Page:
You may also be tempted to wear thicker socks for running, which is generally something I would avoid. Thicker socks may make your feet unnecessarily warm, and can make it harder to get a good fit when cinching down the laces, due to the sock thickness needing to compress sufficiently for a secure shoe.

By the way, your choice of running socks can make a huge difference to your overall comfort when running. If you need some good running socks that will help keep your feet comfortable and happy, check out our best running socks roundup for some recommendations.

Another, less noticeable, downside of wearing shoes that are slightly too big for your feet is that the larger the shoe, the more it weighs, so although the difference in weight between half-sizes may be very small, if you’re running a long way, such as a marathon or ultramarathon, then you may prefer to not be carrying any extra weight for all those hours on your feet.

Why running shoe sizes may not be ‘true to size’

One of the top reasons for running shoes not fitting ‘true to size’ is that the translation between US, EU and UK sizes can be inconsistent across brands. There isn’t necessarily a logic or rule to this, it simply depends on factors such as what country the brand is from, and how they’ve sized a particular model of running shoe, as well as how accurate they’ve been when stating the shoe’s size for other countries, on the label.

How do I know this? At Trail & Kale Running Co. we’ve test, run in and reviewed hundreds of running shoes, and each shoe needs to fit us correctly to enable us to do that. So you could say we’re experts in understanding how running shoe sizes vary between running shoe brands and models.

What’s interesting is that many running shoe brands appear to be better at being consistent with the sizes in US sizing, than they are in European or UK sizing – even if they’re not a US company. So, if you’re shopping for running shoes in Europe or the UK, then it’s possible you may need to size up or down because of how the officially-stated shoe size has been derived from the US size – even if you’re shopping a European brand of running shoe.

To give you an example, here is a selection of shoes that I currently own and have either reviewed or have in the pipeline for review. They all fit me well, so I can confidently tell you that these shoes in a US women’s 7.5 are the right size for me. But, look how the US size translates to EU and UK sizes:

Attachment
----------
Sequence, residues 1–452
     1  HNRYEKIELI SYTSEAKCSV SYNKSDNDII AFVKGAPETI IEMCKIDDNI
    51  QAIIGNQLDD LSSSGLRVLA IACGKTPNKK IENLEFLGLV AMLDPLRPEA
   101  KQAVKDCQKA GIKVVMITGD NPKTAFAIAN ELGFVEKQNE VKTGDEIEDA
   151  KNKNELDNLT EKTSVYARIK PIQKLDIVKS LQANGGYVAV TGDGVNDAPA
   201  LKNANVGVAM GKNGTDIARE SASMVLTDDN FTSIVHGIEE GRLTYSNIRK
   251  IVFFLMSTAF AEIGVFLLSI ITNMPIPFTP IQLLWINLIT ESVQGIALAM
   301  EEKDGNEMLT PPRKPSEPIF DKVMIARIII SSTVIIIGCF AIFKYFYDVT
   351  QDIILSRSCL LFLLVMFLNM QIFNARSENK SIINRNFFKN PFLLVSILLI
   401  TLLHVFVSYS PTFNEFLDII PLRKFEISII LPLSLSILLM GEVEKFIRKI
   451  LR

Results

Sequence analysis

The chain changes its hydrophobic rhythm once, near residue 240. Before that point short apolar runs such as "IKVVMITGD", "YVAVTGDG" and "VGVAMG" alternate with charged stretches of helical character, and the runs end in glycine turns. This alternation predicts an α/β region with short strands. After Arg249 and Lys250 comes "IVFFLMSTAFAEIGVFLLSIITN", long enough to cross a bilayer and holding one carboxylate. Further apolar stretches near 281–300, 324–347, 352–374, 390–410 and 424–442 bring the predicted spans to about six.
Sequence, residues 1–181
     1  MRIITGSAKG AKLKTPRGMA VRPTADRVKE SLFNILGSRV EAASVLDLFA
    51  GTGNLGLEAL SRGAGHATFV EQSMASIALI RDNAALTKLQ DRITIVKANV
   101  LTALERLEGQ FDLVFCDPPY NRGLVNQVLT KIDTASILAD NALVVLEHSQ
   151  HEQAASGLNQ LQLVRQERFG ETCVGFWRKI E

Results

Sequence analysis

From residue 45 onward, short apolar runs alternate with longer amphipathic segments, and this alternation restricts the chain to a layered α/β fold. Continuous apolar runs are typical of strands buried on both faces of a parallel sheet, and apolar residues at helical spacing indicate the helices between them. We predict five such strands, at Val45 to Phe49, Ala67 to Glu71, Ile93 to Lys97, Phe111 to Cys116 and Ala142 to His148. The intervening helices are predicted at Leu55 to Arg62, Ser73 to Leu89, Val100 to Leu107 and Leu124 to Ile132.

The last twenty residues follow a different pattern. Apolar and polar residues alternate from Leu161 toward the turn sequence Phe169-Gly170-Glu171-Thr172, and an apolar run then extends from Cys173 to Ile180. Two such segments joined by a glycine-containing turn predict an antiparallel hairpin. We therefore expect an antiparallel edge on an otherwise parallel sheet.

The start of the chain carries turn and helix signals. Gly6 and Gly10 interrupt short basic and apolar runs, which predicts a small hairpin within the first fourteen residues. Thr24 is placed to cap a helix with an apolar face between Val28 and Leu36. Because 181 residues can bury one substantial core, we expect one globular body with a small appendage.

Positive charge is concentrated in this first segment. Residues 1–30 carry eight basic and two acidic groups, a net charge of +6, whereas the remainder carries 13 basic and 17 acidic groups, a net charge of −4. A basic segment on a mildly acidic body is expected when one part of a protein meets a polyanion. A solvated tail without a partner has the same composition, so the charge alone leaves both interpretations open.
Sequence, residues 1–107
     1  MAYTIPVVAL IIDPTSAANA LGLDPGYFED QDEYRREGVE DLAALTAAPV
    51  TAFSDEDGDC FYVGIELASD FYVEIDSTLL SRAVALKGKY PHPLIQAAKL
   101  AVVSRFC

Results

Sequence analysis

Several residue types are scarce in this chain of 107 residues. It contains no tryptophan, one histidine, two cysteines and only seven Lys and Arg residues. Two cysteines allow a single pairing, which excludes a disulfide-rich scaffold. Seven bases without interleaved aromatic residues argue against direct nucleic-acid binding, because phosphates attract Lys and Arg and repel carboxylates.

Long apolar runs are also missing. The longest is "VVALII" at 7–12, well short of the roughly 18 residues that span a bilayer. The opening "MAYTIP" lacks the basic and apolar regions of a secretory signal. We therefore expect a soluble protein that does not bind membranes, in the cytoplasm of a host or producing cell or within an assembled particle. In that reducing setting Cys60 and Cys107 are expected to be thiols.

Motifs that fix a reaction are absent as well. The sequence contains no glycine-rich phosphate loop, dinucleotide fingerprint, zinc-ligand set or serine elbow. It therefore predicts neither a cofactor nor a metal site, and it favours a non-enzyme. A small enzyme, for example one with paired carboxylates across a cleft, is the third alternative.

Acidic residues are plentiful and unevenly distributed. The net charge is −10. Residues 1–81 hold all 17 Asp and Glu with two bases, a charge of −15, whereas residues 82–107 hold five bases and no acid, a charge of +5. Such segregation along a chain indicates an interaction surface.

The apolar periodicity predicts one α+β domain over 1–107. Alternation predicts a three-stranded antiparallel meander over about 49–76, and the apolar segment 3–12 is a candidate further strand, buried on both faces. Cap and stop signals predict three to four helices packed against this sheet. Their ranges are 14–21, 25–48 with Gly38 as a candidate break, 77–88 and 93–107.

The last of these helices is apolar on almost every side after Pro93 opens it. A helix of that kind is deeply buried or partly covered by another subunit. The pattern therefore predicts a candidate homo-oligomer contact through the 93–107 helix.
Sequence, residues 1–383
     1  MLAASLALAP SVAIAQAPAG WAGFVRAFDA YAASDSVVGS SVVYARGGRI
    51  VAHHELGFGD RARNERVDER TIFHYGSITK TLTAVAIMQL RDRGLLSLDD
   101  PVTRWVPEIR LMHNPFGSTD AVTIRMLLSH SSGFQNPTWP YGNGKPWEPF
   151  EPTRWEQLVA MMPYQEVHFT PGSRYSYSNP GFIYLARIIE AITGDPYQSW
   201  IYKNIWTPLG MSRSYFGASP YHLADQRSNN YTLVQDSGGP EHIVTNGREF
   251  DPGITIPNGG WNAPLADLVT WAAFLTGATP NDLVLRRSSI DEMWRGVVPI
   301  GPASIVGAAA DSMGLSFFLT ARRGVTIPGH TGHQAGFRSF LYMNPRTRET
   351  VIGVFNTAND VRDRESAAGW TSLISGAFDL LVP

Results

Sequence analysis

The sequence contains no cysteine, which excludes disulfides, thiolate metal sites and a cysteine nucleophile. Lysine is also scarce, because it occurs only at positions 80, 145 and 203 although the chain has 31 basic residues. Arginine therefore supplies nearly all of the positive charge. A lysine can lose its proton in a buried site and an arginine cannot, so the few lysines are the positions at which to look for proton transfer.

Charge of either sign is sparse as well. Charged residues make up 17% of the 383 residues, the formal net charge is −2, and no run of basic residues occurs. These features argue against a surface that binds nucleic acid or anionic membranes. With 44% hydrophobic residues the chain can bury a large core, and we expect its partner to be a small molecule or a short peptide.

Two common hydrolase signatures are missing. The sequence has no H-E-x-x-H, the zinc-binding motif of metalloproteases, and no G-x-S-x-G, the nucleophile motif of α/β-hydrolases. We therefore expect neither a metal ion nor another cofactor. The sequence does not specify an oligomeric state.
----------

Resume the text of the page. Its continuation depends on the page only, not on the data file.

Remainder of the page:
Shoe brand and modelUS Women’sEuropeanUK
HOKA Clifton 97.539 1/36
Lululemon Chargefeel7.539 1/36
La Sportiva Levante7.5396
Altra Torin 77.538.55.5
On Cloudspark7.538.55.5
New Balance FuelCellRebel v47.5385.5
Merrell Moab 2 Low7.5385
Sample running shoe size conversion comparison | Trail & Kale Running Co.

Notice anything strange?

Yep, while they’re all size 7.5 in the US, the UK and European sizes vary significantly – enough to make a difference to your shoe size choice, if you’re looking at buying them. In some of these shoes, I’d be a UK size 5… and others I’d need a UK size 6 to get the right fit, even though, as I mentioned earlier in this article, I’ve had my feet measured, run in hundreds of shoes, and when in the UK would almost always wear a size 5.5!

Even the translation between EUR sizes and UK sizes is off. For example, the New Balance Rebel v4 is a UK 5.5 and an EU 38, but the Altra Torin, which is also a UK 5.5, is an EU 38.5.

How should you ensure you’re getting the right size running shoe?

At Trail & Kale Running Co, we test and review running shoes referencing our regular sizes, which for our co-founders and Managing Editors are US women’s 7.5 for me, and US men’s 9 for Alastair.

Because of the apparent consistency between US shoe sizes, for the most part, among brands and models of shoes, you could try shopping for running shoes based on your US shoe size – that may yield a more consistent result for you.

As part of our review process, we will always call out whether or not a shoe fits true to size, in length as well as whether it runs particularly wide or narrow.

Insights from running shoe reviews like ours, that have been put together by someone who reviews a lot of shoes, and actually runs in them (i.e. who doesn’t just take pictures of them and cut them in half to analyze the midsole to the nth degree!) will also help you find the right size for a particular brand and model.

Helen
Helenhttps://www.trailandkale.com/
One of Trail & Kale's co-founders, a mom, and guardian of our resident trail dog, Kepler, Helen can be found trail running with Kepler and enjoying road runs with her mini in a jogging stroller, all while testing out the latest running gear for our readers.